No matter how much an entrepreneur prepares, some curveballs are impossible to predict. For many companies across the world right now, that curveball is the COVID-19 pandemic. Many businesses have had to shut down operations, or run them from home, and others are suddenly at the front lines of the crisis.
Although beer is deemed “essential” in New York, New York City-based TALEA Beer has paused brewing and distribution in an effort to keep their team safe. The company, founded by Navy veteran LeAnn Darland and Tara Hankinson, is in the middle of building a brewery and taproom in Williamsburg, Brooklyn. Their original timeline with a goal of opening in 2020 is now in question.
“We are hoping the situation won’t significantly delay our brewery construction timeline, but we are preparing for all possibilities. These are unprecedented and unbelievably challenging times for the food and beverage and hospitality industries,” LeAnn said.
“In New York in particular, people are craving that third space”
Even in normal times, New Yorkers crave a third space beyond the office and their small apartments where they can shake off a day’s work and socialize with friends. Now, with the majority of New Yorkers suddenly isolated and confined at home for an unknown period of time, the thought of that third space, and of seeing friends again, has never been more appealing. When the pandemic passes and emergency orders lift, they will flock to the city’s many restaurants, bars, and breweries to gather with friends. For many, the ideal spot is somewhere they can bring their families, perhaps their dog in-tow, and drink something made locally.
TALEA, launched in 2018, doesn’t offer that third space yet, but they’re building it. LeAnn, Tara, and TALEA head brewer Johnny Osborne envision their Brooklyn brewery and taproom as a beautiful, light-filled space where customers can receive an education on the beers they’re drinking or connect with the brewers and farmers behind TALEA’s beers. In the meantime, the company brews their beer at a contract facility in the Bronx and sells wholesale to bars, restaurants, and retail sites, including Whole Foods’ stores across the city.
“We’re the owners of this company and we can’t even deliver the product.”
Craft beer is an overwhelmingly white, male space. One unexpected barrier to entry in the industry is the size of a standard keg, which weighs about 160 pounds. It’s difficult to heft around under any circumstances and even harder to navigate down narrow flights of stairs into the basements of New York City bars and restaurants. “We’re the owners of this company and we can’t even deliver the product,” LeAnn said.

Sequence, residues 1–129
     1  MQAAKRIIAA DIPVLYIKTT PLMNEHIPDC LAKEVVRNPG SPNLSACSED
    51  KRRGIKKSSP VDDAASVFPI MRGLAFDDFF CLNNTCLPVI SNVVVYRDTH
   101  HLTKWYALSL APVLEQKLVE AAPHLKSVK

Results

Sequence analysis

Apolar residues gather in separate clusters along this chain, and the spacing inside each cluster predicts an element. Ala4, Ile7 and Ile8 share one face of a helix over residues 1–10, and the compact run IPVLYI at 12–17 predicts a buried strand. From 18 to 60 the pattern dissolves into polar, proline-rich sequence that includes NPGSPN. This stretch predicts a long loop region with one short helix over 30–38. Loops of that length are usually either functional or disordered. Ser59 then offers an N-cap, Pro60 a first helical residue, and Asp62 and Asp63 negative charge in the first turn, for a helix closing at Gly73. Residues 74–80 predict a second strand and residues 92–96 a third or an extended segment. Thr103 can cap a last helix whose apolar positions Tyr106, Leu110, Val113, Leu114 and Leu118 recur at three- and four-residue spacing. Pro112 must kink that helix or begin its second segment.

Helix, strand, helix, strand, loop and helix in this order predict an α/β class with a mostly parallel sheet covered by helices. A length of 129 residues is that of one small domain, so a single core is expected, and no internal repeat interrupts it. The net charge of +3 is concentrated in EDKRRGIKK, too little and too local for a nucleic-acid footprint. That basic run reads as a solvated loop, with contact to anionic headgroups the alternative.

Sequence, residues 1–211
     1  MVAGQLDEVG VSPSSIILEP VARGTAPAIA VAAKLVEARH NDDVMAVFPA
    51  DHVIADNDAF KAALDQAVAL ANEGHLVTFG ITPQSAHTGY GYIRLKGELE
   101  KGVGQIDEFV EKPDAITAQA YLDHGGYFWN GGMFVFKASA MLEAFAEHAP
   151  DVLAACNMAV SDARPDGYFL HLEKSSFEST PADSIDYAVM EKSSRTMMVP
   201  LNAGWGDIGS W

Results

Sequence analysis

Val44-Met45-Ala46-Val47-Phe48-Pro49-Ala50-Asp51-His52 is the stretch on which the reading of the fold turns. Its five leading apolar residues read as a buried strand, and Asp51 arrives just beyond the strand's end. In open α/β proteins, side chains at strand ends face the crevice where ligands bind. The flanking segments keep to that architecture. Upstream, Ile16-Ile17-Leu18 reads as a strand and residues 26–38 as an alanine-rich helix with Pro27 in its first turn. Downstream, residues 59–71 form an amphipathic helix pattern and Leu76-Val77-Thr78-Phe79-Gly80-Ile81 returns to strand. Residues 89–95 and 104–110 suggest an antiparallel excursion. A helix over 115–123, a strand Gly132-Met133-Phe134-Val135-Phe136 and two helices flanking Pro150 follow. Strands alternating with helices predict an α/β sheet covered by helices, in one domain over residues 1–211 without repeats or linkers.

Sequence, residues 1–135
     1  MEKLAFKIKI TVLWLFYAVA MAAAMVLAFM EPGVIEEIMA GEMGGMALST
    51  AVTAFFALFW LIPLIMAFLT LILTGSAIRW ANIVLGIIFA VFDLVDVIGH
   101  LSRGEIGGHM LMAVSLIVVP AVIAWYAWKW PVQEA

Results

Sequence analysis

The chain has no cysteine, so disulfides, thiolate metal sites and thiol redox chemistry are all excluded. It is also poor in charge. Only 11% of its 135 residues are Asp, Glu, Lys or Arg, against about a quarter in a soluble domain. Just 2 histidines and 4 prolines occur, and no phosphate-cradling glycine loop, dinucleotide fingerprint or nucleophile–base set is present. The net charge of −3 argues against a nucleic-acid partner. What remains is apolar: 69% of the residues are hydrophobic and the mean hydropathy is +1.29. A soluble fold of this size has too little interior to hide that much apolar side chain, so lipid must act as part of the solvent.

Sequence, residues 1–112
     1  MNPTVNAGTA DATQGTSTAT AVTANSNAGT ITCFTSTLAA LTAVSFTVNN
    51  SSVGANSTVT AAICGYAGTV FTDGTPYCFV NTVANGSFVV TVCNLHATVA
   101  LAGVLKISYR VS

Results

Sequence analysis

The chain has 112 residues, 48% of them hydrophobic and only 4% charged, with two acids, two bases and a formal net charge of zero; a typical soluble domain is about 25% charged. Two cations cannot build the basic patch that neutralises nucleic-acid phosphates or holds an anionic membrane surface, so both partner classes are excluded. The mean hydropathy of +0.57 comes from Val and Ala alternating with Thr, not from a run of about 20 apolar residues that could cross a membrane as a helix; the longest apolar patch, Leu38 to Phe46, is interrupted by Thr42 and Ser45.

Moving kegs around is usually an entry-level job, which means that most people hired at the early stages of a brewery are those with the size and strength to move a 160-pound barrel—often men. TALEA plans to shift their production toward 60-pound kegs, called sixtels, to allow a broader range of people to apply for entry-level jobs and enter the pipeline.
“it’s time to have new perspectives in the industry”
A typical craft beer shelf has names such as Mosaic Promise, which only a beer-geek understands, or aggressive names like Arrogant Bastard or Sword Swallower. Meanwhile, TALEA’s lineup of hazy IPAs and fruited sours includes the more fun and playful Sun Up, Tart Deco, Lunch Date, Bravada, and Crush, which LeAnn described as “more gender-neutral if not slightly feminine.”
“People think it’s good and it’s time to have new perspectives in the industry,” she said.
“Effective leaders are authentic and don’t try to fit a mold and are also vulnerable when the time is right”
LeAnn began her military career at the Naval Academy. “Being a junior officer in the military is like a leadership incubator,” LeAnn said. “At the age of 21 or 22, you’re immediately put in charge of a group of people who know the job better than you and have been doing it longer than you, yet you’re the one in charge. You have to learn how to earn their respect and trust.”
After graduation, she deployed as an information warfare officer where she discovered what leadership meant to her: “Effective leaders are authentic and don’t try to fit a mold and are also vulnerable when the time is right.”
After the military and a stint in corporate finance at Google, LeAnn met her co-founder Tara while working at a beer startup in New York called Hopsy. Both women had MBAs, brewed their own beer, and were willing to take risks. “I would find a way to be an entrepreneur in some way, shape, or form eventually, and meeting Tara was just the catalyst I needed,” LeAnn said.
“Every company is only as good as the people who are involved”
LeAnn and Tara started TALEA while still working at Hopsy, a strategy LeAnn recommends. It allowed her to network in the industry, conduct her own market research, and earn income to support her passion project. They joined New York’s Veterans in Residence program and launched their first beer in April 2019. After the launch, LeAnn, Tara, and Johnny all quit their day jobs on the same day.
“Every company is only as good as the people who are involved, and I can’t imagine a better team of three people to launch this company,” LeAnn said.